ON ANY GIVEN DAY, about two dozen journalists are hard at work on the fourth floor of the sprawling 19th century headquarters of the Times of India on DN Road, Mumbai. Concern about Sonam Kapoor’s newest hair style forms the basis of one meticulous story; a deep dive into the history of the 1993 death of young star Divya Bharti, in the wake of starlet Jiah Khan’s suicide, is the beginning of another. At least one person at a time is dedicated to discovering what older movie stars, some of them former cover girls and boys, are up to. The editors pace the floor, debating which of their clutch of exclusives will make the cover of next month’s edition of their magazine, the celebrated monthly publication Filmfare.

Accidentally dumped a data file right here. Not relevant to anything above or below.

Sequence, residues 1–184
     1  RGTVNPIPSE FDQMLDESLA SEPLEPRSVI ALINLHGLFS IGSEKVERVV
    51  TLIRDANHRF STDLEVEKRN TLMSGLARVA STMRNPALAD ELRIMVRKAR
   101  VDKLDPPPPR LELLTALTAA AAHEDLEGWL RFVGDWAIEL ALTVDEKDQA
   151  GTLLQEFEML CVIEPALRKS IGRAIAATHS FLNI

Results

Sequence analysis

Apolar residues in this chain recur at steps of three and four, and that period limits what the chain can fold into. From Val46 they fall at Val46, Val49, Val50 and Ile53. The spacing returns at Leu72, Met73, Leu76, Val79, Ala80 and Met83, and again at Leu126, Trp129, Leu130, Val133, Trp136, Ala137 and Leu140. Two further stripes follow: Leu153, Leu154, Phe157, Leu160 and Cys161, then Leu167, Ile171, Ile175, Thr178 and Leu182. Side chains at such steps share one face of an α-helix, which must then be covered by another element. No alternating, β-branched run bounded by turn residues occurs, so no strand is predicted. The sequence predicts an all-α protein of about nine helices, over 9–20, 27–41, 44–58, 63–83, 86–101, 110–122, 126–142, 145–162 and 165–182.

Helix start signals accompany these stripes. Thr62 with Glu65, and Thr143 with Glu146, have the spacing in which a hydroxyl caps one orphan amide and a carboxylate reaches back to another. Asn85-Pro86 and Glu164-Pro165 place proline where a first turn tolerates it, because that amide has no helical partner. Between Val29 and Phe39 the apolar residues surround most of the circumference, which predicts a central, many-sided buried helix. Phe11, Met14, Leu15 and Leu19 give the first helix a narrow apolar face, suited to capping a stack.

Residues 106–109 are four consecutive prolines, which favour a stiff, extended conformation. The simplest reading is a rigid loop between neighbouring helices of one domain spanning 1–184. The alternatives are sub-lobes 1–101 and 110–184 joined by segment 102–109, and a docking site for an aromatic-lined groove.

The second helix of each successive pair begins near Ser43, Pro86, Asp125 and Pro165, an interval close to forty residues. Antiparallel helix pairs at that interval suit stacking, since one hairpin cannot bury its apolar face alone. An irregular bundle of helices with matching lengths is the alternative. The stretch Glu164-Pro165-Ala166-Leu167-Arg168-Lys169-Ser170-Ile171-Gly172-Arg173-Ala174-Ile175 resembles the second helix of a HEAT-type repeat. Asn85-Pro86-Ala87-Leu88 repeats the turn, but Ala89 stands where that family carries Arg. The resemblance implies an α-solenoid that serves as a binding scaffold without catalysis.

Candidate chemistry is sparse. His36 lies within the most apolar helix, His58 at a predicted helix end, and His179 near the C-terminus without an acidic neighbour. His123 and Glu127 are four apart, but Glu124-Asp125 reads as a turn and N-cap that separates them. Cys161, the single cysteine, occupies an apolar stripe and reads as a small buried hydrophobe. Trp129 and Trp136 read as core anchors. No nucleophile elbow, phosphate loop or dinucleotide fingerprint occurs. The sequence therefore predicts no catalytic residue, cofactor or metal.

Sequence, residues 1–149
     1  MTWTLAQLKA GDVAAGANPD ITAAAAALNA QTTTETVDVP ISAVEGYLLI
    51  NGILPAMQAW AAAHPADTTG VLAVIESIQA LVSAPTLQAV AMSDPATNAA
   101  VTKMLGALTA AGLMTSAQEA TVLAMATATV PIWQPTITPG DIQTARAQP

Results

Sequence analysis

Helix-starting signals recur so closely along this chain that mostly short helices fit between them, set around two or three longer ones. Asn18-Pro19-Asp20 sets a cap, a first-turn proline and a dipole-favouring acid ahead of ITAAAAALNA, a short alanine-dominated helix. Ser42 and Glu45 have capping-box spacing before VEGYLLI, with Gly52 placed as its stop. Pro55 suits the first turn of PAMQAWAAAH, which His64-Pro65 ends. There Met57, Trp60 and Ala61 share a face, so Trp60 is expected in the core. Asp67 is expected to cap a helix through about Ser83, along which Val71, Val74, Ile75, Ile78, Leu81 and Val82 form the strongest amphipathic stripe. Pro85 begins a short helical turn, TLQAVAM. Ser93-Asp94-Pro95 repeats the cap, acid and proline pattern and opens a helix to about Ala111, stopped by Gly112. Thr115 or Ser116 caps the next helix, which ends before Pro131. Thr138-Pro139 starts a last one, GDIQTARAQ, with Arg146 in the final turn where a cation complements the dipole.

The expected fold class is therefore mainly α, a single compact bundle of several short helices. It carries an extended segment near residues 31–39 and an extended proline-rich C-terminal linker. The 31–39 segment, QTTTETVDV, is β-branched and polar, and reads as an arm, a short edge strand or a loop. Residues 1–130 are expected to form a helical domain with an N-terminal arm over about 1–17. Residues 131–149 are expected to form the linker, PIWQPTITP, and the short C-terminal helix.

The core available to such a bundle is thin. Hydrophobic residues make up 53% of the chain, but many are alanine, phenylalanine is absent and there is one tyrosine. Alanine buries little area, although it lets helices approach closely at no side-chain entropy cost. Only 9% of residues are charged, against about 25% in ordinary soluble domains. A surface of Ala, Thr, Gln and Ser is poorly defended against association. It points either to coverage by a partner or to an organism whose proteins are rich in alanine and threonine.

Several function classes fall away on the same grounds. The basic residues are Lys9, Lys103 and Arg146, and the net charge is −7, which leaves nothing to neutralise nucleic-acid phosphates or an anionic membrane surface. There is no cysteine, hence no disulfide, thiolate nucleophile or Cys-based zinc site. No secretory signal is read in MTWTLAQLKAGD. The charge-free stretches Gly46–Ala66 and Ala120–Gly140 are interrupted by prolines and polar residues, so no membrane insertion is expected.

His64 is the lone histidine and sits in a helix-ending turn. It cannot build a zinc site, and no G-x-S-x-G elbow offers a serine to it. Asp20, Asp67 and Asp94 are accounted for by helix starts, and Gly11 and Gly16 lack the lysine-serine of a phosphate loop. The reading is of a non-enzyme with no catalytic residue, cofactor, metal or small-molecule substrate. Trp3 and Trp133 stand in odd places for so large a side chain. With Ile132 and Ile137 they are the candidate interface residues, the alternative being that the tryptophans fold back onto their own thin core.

Energy levels in here almost match those of the neighbouring newsroom, which belongs to Mumbai Mirror, the city’s most widely read English-language tabloid. The Mirror journalists, with their punishing daily schedules and requirements for entertainment section fillers about the lives and careers of the stars, have a somewhat attenuated relationship with their beat. “Can we please manage to talk with Mandira Bedi about Indian Idol Junior?” I overheard one of them plead on the phone, as I walked past.
At Filmfare, meanwhile, the journalists put their feet up when chatting with their subjects. On the phone, Ranbir Kapoor became ‘Ganglu,’ (“The name is known only to family and folks he is close to,” as the Times of India reported gravely some years ago), and Abhishek Bachchan the informal ‘Abhi’. For six decades now, Filmfare, a publication begun by the Times Group to cash in on Indian audiences’ insatiable thirst for news about the Hindi film industry, has ruled the roost of Hindi movie journalism in English, and its influence is not taken lightly.